(SBN) – The upcoming White House HBCU Week Conference has not been without controversy, as the Congressional Black Caucus has in recent weeks, asked the Trump administration to cancel it. But telling reporters last week that it was “booked to capacity with a waiting list,” according to spokesperson Sarah Huckabee-Sanders, the event is still slated for late September 17-19.
The drama has not stifled the former executive director of the former President Obama’s WH Initiative on HBCUs.
Dr. Ivory Toldson, who resigned the post last June, is will attend the conference because he sees it as a opportunity for hundreds of officials who have been involved before the Trump administration to network with HBCU execs and others to come together on strategies to increase funding for the institutions.
Dr. Toldson writes:
“HBCUs have the right to their fair share of federal revenue, and federal career employees need the ability to connect with HBCU leaders, regardless of who’s in office.”
In addition, he will be moderating a discussion during the conference to discuss the importance of HBCU-public-private partnerships to advance computer science research and education at HBCUs. Toldson is currently the president and CEO of the Quality Education for Minorities (QEM) Network – a professor of counseling psychology at Howard University; and editor-in-chief of The Journal of Negro Education.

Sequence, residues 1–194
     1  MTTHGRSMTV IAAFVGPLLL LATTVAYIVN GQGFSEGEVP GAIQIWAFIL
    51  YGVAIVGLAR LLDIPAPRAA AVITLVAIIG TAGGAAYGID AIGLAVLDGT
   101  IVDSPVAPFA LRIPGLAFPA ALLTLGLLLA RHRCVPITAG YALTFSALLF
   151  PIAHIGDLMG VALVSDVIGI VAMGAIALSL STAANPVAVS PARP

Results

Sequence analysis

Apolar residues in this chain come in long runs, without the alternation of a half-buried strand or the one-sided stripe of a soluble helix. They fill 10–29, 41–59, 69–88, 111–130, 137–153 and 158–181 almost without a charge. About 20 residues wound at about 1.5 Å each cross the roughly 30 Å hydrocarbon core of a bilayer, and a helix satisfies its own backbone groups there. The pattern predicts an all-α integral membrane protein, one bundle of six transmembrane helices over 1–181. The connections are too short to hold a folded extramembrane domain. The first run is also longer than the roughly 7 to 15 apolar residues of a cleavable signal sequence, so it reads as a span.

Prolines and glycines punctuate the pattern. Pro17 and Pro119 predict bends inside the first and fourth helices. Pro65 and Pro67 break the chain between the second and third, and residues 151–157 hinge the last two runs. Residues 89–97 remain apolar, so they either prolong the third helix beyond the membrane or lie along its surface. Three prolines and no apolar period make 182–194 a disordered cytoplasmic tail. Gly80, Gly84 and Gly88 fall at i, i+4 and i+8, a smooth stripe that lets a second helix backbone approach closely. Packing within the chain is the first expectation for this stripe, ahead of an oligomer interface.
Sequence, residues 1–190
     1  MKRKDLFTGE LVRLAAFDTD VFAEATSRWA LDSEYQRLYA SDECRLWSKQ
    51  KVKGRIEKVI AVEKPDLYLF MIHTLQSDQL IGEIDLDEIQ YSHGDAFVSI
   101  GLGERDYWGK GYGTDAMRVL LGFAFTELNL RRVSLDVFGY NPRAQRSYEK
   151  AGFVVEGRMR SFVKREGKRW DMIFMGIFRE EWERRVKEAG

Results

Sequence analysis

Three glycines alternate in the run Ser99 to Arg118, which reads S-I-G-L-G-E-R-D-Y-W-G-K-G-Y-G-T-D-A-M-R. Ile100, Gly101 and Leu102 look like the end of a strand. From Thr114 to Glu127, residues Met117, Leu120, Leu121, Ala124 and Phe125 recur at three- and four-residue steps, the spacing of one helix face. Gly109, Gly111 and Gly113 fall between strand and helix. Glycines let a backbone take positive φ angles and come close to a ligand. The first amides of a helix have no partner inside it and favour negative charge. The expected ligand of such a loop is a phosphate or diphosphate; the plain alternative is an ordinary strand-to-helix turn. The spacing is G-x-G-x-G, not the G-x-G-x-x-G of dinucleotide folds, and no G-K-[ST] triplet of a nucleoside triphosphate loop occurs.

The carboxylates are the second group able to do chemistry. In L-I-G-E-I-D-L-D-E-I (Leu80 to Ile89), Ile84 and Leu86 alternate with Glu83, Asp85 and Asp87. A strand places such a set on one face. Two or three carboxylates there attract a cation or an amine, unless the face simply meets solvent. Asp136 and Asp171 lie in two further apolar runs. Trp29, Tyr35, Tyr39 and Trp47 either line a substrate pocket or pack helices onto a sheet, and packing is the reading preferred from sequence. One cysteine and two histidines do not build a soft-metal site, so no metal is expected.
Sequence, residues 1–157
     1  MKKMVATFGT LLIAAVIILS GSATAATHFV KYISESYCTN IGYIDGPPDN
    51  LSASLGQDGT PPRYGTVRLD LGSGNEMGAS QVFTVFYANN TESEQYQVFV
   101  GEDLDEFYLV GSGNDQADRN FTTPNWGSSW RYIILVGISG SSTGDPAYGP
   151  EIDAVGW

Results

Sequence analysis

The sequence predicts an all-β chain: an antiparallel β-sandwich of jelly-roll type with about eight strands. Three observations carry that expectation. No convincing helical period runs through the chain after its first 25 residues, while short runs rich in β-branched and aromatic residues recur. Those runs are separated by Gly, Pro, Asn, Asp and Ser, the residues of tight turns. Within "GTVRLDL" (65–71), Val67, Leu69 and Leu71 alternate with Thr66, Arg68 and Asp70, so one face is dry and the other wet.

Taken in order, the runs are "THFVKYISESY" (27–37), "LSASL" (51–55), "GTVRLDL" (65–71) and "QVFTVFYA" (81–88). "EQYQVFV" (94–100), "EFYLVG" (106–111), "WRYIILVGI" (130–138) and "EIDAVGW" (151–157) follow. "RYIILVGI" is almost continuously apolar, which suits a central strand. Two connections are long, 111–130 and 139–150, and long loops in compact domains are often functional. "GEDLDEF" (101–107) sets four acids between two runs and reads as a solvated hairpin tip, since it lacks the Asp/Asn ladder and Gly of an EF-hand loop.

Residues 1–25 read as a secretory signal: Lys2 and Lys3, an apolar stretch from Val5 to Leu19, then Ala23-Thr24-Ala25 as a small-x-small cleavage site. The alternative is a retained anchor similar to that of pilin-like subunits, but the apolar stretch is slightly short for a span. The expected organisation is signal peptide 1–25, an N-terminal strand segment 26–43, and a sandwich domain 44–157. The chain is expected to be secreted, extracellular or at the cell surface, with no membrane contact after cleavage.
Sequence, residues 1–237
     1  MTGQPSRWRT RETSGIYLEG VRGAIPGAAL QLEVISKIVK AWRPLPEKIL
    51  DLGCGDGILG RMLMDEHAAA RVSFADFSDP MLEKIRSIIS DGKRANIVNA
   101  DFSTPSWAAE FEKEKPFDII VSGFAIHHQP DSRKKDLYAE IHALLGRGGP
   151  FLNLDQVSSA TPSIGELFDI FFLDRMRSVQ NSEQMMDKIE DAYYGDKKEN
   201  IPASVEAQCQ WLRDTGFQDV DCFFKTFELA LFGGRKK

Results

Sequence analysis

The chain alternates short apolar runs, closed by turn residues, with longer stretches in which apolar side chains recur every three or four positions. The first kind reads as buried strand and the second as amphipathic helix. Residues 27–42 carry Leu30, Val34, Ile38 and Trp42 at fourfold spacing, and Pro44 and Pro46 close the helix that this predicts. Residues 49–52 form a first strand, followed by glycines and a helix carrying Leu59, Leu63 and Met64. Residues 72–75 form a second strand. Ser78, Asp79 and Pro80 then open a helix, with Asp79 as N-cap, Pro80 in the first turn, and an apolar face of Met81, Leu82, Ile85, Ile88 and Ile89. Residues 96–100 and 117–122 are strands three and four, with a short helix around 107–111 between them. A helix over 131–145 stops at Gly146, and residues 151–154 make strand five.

Meantime, Rep. Alma Adams, representing the 12th District of North Carolina, has joined the chorus calling on President Trump and Education Secretary Betsy DeVos to postpone the 2017 National HBCU Week Conference, planned for Sept. 17-19.
In an open letter to Trump, Adams wrote, in part:
“In light of recent events, I have reached the unfortunate conclusion that this year’s 2017 National HBCU Week Conference should be postponed.”
“Earlier this month, my colleagues and I asked the administration for an update on their progress regarding HBCUs. In February, the president signed an executive order outlining greater investments and additional resources for HBCUs. It has become painstakingly clear that these promises are not being kept.”
“In this current environment, and with zero progress made on any of their priorities, it would be highly unproductive to ask HBCU presidents to come back to Washington. I call on the president and Secretary DeVos to postpone this year’s conference until a serious effort has been made to advance issues important to HBCUs and their students.”
Earlier this month, CBC Chairman Cedric Richmond-D/VA said in a statement:
“They brought all those HBCUs to town. They took a picture in the Oval Office and then they did nothing,” said Richmond. “If you look at President Trump’s budget he has a number of actions in it that actually hurt HBCUs.”
Richmond called for “substantive policies,” instead of a conference to help HBCUs.